"Lydia, I need you to listen to me. Heels down, and sit up tall. As tall as you can get. Hold onto the mane if you have to, but get your reins back. Keep your legs long. Long." Between sentences, pitching his voice lower, "Easy, Jay. Easy. Ho, boy. Ho. Easy," drawing out the syllables like molasses. To Lydia again as the gelding began to slow, ears flicking now between forward and listening to Rory, flicking back, "Now talk to him. Ask him to whoa, nice and easy. Soft voice. Pull gently on the reins. Squeeze and release. Squeeze and release. Legs long, body tall. Stretch up and ask him to ho. He's more scared than you right now, and he needs you to lead. Easy, Jay. Easy, good boy. Whoa. Ask him to walk. Stay up, Lydia. You're doing great. Bring him back now. Bring him back to you."

Heart pounding wildly in his ears, dimly aware that he could barely hear himself talk, waiting for the moment she'd slip from the saddle and under the pounding hooves, Rory watched in disbelief as Jay began to slow to a steady canter, and then drop down from a brief shambling trot into a steady walk once more.

marc st. yves
light it up or burn it down we'll all die in fire
{food for thought}

phineas rosario
fall down seven times stand up eight
sebastian conway
can't see the forest for the trees
{book of sparrows}
[/center][/center]
(so you've got to keep in mind, when you try to change the world for the better not everybody's gonna be on your side)
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MurderWeasel
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Joined: February 18th, 2009, 7:01 am

May 24th, 2012, 6:02 am #10

Everything had been going so well, too. Lydia was focused on her riding, was feeling pretty good about how she was doing, so the first real sign that something was horribly wrong was the clattering, crashing sound from somewhere off to the side. Lydia began to glance in that direction, and that was when things got really tough.

Jay got spooked by the noise, and Lydia felt him lurch forwards, gaining speed rapidly. She was bounced, more than she'd been before. Maybe half a second in, she felt her left foot slip out of her stirrup, and that was when she really started to get scared. She knew that Jay didn't want to hurt her, but also that there was a good chance she would be hurt if she fell. She wanted to curl up, to lean down and protect her head and try to cling to Jay's neck.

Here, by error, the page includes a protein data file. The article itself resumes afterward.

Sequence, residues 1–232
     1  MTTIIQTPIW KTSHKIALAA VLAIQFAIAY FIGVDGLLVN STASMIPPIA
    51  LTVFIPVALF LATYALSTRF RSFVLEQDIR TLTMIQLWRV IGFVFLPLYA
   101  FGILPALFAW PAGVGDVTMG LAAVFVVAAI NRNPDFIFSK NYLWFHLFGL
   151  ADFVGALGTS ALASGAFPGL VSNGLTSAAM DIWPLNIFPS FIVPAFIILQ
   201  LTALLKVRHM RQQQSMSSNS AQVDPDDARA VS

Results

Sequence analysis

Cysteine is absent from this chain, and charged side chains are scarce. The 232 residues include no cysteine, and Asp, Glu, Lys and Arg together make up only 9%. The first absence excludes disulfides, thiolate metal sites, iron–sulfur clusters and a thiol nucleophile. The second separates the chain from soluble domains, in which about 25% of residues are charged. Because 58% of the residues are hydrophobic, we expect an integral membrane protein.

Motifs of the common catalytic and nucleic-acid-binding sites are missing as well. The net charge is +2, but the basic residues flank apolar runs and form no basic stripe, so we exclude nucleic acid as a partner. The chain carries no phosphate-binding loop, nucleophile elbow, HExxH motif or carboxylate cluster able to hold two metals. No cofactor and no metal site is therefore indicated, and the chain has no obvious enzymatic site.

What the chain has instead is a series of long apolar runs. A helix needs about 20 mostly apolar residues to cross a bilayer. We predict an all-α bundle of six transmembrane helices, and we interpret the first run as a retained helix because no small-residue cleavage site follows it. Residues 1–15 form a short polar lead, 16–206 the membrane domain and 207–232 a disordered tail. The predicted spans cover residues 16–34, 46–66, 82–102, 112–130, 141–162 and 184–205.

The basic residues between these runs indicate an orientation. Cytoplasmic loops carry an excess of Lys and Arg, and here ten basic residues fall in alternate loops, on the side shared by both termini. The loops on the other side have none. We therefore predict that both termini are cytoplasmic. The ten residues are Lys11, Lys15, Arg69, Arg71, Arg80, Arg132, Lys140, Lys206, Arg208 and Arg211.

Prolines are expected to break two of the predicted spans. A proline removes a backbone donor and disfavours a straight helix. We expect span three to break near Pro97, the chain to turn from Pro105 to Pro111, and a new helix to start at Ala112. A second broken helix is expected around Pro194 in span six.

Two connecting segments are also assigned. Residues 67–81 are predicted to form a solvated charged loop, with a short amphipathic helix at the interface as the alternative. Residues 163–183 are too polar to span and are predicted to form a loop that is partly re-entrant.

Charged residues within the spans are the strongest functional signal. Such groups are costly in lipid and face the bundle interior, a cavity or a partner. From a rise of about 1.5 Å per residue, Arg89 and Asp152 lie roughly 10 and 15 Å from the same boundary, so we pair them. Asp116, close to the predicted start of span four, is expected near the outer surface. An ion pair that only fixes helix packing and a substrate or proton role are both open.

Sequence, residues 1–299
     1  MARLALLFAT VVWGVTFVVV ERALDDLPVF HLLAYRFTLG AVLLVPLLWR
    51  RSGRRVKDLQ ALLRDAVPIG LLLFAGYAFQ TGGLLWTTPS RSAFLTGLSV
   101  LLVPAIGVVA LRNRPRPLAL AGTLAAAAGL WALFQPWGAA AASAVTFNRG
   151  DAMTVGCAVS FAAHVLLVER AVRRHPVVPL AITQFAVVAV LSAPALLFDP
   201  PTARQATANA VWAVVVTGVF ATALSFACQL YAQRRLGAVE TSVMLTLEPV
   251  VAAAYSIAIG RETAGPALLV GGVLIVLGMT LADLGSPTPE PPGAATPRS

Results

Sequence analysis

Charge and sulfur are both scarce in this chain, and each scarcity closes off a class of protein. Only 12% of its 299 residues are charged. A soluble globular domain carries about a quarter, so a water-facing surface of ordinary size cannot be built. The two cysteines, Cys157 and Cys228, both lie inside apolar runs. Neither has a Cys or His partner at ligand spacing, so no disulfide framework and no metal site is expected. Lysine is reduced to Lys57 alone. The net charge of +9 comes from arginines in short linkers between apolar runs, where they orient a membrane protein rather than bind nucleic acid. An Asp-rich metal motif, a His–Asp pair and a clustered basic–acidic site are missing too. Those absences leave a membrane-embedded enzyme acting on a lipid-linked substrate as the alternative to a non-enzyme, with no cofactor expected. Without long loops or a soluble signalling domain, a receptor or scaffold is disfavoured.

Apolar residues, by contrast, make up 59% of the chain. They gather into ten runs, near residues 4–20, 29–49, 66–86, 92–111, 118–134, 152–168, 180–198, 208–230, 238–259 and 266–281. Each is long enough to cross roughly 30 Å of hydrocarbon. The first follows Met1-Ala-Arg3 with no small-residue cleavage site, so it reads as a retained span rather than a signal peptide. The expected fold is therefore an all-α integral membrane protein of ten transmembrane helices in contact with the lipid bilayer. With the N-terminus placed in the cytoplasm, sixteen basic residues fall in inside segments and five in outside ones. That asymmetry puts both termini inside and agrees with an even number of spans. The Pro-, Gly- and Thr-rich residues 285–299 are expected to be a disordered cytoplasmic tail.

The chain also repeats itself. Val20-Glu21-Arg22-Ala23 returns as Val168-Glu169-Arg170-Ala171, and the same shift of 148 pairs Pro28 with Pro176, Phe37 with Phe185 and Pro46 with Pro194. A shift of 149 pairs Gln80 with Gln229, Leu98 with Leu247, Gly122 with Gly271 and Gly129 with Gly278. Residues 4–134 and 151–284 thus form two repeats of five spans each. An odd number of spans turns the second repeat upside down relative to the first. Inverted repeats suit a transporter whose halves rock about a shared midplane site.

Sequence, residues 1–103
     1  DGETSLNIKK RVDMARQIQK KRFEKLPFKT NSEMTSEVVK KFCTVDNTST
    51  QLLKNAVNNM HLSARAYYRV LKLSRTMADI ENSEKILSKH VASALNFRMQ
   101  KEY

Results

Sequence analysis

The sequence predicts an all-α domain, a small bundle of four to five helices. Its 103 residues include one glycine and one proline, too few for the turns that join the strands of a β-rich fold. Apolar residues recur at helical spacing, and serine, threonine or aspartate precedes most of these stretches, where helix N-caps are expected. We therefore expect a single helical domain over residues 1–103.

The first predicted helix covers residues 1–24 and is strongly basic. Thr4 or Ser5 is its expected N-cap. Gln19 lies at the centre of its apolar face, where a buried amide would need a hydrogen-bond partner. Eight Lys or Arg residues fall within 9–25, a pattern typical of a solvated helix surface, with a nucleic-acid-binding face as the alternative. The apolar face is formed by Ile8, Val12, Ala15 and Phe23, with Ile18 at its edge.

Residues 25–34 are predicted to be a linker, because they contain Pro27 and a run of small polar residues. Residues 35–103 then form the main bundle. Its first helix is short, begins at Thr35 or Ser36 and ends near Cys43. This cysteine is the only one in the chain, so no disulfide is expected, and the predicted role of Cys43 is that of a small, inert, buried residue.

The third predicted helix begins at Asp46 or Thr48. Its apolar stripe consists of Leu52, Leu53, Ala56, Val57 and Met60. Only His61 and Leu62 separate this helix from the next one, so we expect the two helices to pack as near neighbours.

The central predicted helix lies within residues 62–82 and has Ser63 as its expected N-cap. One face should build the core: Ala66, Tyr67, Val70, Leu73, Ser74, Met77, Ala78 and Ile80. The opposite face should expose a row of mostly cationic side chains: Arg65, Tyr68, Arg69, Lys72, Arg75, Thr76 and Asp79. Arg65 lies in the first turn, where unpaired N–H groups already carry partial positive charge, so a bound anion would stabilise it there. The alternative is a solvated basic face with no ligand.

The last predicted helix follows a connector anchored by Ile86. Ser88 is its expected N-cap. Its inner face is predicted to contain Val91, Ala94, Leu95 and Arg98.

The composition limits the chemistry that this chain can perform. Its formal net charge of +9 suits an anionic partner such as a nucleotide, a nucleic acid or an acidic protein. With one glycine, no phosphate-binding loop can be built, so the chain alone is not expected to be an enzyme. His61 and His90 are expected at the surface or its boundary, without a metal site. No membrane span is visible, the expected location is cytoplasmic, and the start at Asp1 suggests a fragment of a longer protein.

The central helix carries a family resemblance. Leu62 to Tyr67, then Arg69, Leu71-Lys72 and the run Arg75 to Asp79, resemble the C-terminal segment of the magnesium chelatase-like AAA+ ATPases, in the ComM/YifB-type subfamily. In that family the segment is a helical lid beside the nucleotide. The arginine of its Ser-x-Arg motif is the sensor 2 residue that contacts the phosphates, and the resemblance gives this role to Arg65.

She was starting to hunch when Rory called out to her, telling her what position to take. It wasn't instinct, not exactly, but her practice getting into a proper riding posture paid off. She straightened, trying to ignore the awful nothingness she felt beneath her left foot. With her left hand, she clung to Jay's mane, while with her right she grabbed for the reins. The whole time, she tried to keep the terror confined to her mind, keep it from leaking into her body. Rory had told her, again and again, that horses were attuned to moods. She knew Jay wasn't going to calm down unless she could fake control.

She tugged on the reins, then Rory was telling her to talk to Jay, and so she did.

"Whoa, Jay. Whoa," Lydia said, talking calmly, slowly, drawing out her words, trying to pour false confidence into her speech. "Walk for me, okay? Walk."

At Rory's behest, she pulled on the reins, then released, again and again, nice and slow, the whole time wondering if the next step would send her bouncing straight off Jay's back. Rory corrected her when she began to worry and hunch again. She tried to be assertive, tried to stay in control. It seemed like Jay had been running forever. She was beginning to fear that nothing short of the horse tiring would bring an end to this, when Jay finally began to slow. It was all Lydia needed. Her confidence bolstered just that little bit more, she repeated her commands, pulling the reins and then releasing, and Jay lapsed into a quick walk once more.